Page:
The daily lowdown on books, publishing, and the occasional author behaving badly.
The literary executor of George Orwell's estate says that online retailer Amazon's recent use of a quote by the writer to bolster its case against publishing giant Hachette comes "as close as one can get to the Ministry of Truth and its doublespeak: turning the facts inside out to get a piece of propaganda across." Amazon had posted a letter arguing that the literary establishment's opposition to e-books is as reactionary as its initial hostility to paperbacks. Amazon wrote, "The famous author George Orwell came out publicly and said about the new paperback format, if 'publishers had any sense, they would combine against them and suppress them.' Yes, George Orwell was suggesting collusion." In fact, the full quote read, "The Penguin Books are splendid value for sixpence, so splendid that if the other publishers had any sense they would combine against them and suppress them." Bill Hamilton, the literary executor of Orwell's estate, wrote in a letter to The New York Times,"[Amazon] quotes Orwell out of context as supporting a campaign to suppress paperbacks, to give specious authority to its campaign against publishers over ebook pricing; and having gotten as much capital as it can out of waving around Orwell's name, Amazon then dismisses what was an ironic comment without engaging with Orwell's own detailed arguments, which eloquently contradict Amazon's." He added, "As the literary executor for the Orwell estate, I'm both appalled and wryly amused that Amazon's tactics should come straight out of Orwell's own nightmare dystopia, 1984."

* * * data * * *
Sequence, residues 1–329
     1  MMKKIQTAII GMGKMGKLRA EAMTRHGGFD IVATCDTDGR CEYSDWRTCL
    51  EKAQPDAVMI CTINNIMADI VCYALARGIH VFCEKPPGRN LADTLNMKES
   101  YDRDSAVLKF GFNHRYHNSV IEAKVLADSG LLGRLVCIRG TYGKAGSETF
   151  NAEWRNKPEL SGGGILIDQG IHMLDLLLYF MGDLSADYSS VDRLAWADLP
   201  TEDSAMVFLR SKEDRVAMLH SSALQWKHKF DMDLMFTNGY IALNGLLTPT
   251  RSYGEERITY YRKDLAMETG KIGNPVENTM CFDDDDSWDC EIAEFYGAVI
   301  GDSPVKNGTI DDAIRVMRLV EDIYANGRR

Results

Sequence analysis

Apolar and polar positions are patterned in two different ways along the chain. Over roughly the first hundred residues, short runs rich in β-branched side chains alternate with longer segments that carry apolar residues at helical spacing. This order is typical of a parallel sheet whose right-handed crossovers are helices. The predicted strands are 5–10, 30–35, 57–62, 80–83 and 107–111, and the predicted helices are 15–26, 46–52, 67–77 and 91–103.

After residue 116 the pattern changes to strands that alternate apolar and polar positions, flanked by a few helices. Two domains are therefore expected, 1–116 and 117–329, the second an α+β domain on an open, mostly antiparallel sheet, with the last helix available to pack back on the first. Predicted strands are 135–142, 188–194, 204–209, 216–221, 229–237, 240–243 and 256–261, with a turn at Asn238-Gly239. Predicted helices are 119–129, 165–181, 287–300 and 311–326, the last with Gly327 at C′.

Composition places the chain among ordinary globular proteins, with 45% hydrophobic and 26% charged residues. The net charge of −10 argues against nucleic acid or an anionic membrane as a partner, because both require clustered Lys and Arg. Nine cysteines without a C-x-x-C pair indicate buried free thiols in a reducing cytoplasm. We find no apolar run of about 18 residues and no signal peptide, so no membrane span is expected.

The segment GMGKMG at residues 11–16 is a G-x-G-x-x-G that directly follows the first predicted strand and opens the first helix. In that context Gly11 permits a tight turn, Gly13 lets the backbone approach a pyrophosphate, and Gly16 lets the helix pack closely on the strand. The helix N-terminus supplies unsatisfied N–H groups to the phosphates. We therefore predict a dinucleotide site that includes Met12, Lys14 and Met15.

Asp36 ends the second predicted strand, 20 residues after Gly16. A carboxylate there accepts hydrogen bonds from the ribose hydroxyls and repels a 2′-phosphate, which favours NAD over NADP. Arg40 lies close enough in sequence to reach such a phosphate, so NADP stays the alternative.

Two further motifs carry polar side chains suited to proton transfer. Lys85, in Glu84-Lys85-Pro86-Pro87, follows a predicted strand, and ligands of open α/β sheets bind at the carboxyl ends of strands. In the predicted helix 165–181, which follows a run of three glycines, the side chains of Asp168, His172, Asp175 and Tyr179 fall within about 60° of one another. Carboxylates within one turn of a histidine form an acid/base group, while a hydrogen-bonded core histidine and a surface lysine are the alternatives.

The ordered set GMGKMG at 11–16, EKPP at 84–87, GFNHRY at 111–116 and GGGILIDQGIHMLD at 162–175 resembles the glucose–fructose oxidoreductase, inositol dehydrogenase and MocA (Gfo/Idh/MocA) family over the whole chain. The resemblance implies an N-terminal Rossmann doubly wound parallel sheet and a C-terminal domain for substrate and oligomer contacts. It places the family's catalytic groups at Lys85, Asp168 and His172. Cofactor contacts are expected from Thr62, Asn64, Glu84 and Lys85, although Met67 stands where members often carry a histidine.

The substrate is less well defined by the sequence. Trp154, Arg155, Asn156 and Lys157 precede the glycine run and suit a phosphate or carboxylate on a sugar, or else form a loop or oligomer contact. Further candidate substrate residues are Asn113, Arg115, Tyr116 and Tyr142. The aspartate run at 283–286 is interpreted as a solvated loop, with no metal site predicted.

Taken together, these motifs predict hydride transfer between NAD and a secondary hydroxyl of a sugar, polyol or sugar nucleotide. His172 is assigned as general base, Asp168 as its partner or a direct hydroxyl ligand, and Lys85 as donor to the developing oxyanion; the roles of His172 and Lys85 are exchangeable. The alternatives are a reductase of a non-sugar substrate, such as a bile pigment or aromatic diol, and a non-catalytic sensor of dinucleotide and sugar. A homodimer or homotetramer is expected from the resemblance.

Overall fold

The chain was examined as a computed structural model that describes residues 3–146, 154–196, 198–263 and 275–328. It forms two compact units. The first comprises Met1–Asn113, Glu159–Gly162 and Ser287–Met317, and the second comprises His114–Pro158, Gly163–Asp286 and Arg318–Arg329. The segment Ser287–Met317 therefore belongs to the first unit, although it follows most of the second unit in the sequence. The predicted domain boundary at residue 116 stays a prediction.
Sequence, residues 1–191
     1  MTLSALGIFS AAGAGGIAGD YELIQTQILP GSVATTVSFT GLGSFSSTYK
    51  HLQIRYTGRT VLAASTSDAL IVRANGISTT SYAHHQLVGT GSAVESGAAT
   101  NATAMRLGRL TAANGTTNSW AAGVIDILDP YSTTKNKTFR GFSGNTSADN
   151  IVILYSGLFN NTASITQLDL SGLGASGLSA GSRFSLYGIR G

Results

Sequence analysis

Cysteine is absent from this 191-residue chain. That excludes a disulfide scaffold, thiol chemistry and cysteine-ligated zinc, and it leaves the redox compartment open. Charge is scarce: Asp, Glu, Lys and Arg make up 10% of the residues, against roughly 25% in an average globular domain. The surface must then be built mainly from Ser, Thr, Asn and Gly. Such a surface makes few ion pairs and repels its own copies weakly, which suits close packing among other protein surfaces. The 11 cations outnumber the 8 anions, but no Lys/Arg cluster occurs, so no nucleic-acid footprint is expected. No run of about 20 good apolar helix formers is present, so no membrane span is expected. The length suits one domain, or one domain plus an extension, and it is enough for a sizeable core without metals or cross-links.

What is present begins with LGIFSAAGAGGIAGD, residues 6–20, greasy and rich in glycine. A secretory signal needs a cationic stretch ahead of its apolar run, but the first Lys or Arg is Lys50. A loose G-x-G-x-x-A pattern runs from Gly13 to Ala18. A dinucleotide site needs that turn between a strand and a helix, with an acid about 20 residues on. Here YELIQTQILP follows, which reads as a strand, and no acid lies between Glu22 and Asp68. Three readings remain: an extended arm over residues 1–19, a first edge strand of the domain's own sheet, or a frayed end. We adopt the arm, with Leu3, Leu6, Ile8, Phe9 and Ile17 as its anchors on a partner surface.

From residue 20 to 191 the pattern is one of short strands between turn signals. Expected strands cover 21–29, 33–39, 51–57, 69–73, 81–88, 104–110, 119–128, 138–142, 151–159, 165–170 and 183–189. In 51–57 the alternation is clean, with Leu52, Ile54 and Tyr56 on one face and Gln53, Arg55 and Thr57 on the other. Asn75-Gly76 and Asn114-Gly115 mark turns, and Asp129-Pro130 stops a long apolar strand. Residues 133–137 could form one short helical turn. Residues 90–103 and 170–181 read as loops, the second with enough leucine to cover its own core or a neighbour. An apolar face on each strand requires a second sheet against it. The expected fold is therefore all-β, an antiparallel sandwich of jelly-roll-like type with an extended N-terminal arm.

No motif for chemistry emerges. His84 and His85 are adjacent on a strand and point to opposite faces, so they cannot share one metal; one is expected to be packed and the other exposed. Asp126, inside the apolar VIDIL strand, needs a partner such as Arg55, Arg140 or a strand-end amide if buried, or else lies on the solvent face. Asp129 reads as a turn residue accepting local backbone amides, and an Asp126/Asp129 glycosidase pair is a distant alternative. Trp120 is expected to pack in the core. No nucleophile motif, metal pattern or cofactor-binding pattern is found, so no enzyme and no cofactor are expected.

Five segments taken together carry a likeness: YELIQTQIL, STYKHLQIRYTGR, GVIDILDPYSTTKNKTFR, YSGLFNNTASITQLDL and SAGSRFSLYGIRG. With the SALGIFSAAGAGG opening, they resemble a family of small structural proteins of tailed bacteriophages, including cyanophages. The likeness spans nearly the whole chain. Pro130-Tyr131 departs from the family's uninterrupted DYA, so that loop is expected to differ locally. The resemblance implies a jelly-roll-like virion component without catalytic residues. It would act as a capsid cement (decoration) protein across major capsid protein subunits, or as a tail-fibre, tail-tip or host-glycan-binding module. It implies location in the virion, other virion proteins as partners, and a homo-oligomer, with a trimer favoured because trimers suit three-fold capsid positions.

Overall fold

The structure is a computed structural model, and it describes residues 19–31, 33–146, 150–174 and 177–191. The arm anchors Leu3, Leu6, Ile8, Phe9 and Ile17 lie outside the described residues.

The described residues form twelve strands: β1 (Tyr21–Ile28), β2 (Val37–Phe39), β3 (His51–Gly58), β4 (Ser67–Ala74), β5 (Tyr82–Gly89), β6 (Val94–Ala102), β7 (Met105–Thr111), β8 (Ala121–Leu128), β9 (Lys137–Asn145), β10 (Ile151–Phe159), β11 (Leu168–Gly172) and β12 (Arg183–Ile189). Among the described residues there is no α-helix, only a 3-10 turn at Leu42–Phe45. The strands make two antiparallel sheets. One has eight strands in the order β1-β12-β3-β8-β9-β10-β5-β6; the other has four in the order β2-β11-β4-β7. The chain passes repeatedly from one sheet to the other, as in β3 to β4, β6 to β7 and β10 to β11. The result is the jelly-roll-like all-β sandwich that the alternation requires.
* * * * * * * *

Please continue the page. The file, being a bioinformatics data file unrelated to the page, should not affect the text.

In Tehran, a married couple has turned their taxi into a mobile library, The Wall Street Journalreports: "More than 40 titles, 130 volumes in all, are stacked behind the back, shelved on racks over the passenger window, cluttering the dashboard, crammed into side pockets and stuffed in the trunk. When you pay the fare, you can buy a book."
J.D. Salinger's New Hampshire house is for sale. The real estate listing notes, "Land on both sides of the road ensures privacy."
Terry Pratchett says the best fantasy writing is "[t]he kind that isn't fantastic." He told The New York Times, "It's just creating a new reality. Really, a good fantasy is just a mirror of our own world, but one whose reflection is subtly distorted."
Nominees for the Thurber prize, which celebrates "the art of humor writing," have been announced, and include David Letterman and Bruce McCall for their book This Land Was Made for You and Me (But Mostly Me). Other finalists are Liza Donnelly for her collection of cartoons Women on Men, and John Kenney for his novel Truth in Advertising. The winner of the $5,000 prize will be announced Sept. 30.
"Dystopian fiction is passé now." Lois Lowry, who wrote the Giver,says that the days of YA dystopian novels are coming to an end.
David Rice considers online reading and the anxiety of influence in the Internet-era: "In these online minutes or hours, I drift along with my mouth open, absorbing whatever's floating by, never chewing or even swallowing, just letting it all seep pre-chewed into me. The impurity of this content makes it far more consumable than anything pure, even a little bit of which is filling. This brine of Netflix and Amazon and iTunes, reviews and interviews, recaps and best-of lists and hostile and giddy comment threads, fills me with growths that are half-me and half-everyone."
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